Competition Bureau investigating restrictive real estate clauses in Canadian grocery sector
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The Competition Bureau says it’s investigating the use of property clauses, which limit how real estate can be used by competitors, in the Canadian grocery sector.

Watchdog says clauses make it harder for new supermarkets to open

A customer in a brown jacket looks at meat in a grocery store aisle.
A customer shops at Metro grocery store in Montreal on Oct. 26, 2022. The Competition Bureau says it’s investigating the use of property clauses, which limit how real estate can be used by competitors, in the Canadian grocery sector. (Ivanoh Demers/CBC)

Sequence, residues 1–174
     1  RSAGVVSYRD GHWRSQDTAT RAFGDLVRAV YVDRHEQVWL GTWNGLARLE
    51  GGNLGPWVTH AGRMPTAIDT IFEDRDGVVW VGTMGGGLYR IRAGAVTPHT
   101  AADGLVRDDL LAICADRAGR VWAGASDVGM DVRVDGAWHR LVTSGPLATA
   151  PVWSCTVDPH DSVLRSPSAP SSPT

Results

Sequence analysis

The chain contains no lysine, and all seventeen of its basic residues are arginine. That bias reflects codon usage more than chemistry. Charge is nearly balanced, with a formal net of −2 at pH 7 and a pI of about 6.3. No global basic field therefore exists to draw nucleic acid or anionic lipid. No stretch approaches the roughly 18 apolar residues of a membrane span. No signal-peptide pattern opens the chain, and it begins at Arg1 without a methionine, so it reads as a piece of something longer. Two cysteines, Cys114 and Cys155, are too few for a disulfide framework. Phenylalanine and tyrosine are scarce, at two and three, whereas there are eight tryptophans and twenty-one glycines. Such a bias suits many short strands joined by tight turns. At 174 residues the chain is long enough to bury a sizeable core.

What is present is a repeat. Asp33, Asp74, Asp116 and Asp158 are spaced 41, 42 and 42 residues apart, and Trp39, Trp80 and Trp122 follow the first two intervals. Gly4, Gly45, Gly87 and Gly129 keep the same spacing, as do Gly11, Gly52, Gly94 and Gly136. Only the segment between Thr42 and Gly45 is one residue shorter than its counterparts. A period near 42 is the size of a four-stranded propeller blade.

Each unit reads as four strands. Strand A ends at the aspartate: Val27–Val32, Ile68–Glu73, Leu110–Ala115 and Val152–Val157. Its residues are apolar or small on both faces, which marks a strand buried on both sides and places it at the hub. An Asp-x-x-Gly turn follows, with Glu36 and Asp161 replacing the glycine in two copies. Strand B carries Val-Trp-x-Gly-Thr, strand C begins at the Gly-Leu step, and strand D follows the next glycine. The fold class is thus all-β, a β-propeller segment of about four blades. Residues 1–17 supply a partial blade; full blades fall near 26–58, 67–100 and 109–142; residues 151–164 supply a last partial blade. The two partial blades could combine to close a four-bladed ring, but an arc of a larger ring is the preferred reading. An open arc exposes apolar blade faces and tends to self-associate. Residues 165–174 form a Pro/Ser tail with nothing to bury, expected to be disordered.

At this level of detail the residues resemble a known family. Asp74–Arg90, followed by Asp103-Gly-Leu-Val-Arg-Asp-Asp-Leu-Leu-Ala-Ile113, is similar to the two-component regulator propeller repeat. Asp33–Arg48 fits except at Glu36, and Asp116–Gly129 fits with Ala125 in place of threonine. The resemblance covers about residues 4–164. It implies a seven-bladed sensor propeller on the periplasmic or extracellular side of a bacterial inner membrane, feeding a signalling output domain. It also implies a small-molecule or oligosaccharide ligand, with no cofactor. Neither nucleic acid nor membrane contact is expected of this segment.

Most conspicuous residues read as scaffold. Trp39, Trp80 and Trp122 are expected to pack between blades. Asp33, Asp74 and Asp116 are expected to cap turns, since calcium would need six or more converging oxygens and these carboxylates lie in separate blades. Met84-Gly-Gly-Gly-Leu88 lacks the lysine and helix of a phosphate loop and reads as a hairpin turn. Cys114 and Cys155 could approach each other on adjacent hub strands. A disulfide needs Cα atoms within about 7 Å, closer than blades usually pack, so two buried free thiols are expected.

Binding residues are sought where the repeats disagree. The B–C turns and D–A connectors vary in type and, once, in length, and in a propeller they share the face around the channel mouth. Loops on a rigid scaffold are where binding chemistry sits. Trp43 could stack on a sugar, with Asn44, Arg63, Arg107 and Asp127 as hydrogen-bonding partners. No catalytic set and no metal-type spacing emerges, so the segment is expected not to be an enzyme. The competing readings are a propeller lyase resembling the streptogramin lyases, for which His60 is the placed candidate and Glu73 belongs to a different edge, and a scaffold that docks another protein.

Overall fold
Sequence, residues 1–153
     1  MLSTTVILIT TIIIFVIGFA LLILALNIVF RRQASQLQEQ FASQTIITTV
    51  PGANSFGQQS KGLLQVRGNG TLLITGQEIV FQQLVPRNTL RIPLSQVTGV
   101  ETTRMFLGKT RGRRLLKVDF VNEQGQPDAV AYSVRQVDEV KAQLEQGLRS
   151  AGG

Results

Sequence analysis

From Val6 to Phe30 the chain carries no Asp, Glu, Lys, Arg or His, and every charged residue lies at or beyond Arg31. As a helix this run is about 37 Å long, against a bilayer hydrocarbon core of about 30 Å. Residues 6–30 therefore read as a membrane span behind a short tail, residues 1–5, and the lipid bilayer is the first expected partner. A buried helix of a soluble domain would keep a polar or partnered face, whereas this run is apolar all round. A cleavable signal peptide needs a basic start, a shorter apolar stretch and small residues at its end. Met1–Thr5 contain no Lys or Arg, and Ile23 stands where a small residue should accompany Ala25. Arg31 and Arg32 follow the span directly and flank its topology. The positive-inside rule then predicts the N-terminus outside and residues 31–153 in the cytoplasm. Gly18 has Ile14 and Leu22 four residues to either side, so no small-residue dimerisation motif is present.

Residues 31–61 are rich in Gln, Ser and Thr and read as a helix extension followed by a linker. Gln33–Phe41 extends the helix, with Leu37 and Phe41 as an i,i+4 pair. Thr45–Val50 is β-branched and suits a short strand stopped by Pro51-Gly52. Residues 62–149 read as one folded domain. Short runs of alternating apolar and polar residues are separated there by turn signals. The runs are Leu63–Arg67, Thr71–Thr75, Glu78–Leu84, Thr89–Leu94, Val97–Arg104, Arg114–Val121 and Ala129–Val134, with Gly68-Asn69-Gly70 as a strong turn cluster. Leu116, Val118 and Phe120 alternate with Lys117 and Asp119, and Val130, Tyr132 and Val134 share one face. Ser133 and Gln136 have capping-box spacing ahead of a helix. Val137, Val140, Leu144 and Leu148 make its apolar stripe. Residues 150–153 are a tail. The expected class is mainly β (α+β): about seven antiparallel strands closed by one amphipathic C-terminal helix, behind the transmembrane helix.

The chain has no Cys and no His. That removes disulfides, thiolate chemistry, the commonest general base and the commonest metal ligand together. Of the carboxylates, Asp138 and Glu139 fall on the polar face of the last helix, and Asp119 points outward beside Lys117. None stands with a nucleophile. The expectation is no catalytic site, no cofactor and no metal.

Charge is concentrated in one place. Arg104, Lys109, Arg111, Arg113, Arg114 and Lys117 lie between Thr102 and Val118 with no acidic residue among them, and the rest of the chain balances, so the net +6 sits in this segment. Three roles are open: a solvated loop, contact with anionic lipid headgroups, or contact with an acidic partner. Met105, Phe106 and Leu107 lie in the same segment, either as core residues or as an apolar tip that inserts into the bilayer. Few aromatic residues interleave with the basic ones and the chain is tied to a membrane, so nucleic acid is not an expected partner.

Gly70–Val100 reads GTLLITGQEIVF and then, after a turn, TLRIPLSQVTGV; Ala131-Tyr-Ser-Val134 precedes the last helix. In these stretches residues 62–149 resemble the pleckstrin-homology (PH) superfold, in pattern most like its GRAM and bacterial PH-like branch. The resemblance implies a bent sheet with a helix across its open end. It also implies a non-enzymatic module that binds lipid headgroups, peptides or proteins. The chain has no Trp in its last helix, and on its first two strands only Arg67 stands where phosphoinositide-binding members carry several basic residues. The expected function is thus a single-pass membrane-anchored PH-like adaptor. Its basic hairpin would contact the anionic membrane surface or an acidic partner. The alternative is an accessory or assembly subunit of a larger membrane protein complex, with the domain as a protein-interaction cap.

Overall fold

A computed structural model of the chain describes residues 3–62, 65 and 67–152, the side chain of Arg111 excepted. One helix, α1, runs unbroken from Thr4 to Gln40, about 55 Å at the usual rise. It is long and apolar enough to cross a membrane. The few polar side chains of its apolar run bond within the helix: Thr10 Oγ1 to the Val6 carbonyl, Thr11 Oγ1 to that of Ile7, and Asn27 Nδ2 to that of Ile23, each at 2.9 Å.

The Competition Bureau says it’s investigating the use of restrictive real estate clauses in the Canadian grocery sector.

Deputy commissioner Anthony Durocher told a House of Commons committee studying food prices that these measures, often called “property controls,” can be a major barrier to entry and expansion in the Canadian marketplace.

In the Bureau’s June 2023 report on competition in grocery it described property controls as clauses added to a lease or deed that limit how real estate can be used by competitors.

This can include limiting the kinds of stores that can open in a mall, or limiting the kind of store that’s allowed to open in that location after a tenant leaves the property.

For example, if a grocery store is moving to a nearby location, the property control clause could prevent a competitor from entering the old store.

The Bureau’s report recommended that governments limit use of the clauses in the sector, saying they make it harder for new supermarkets to open, and can curb competition.

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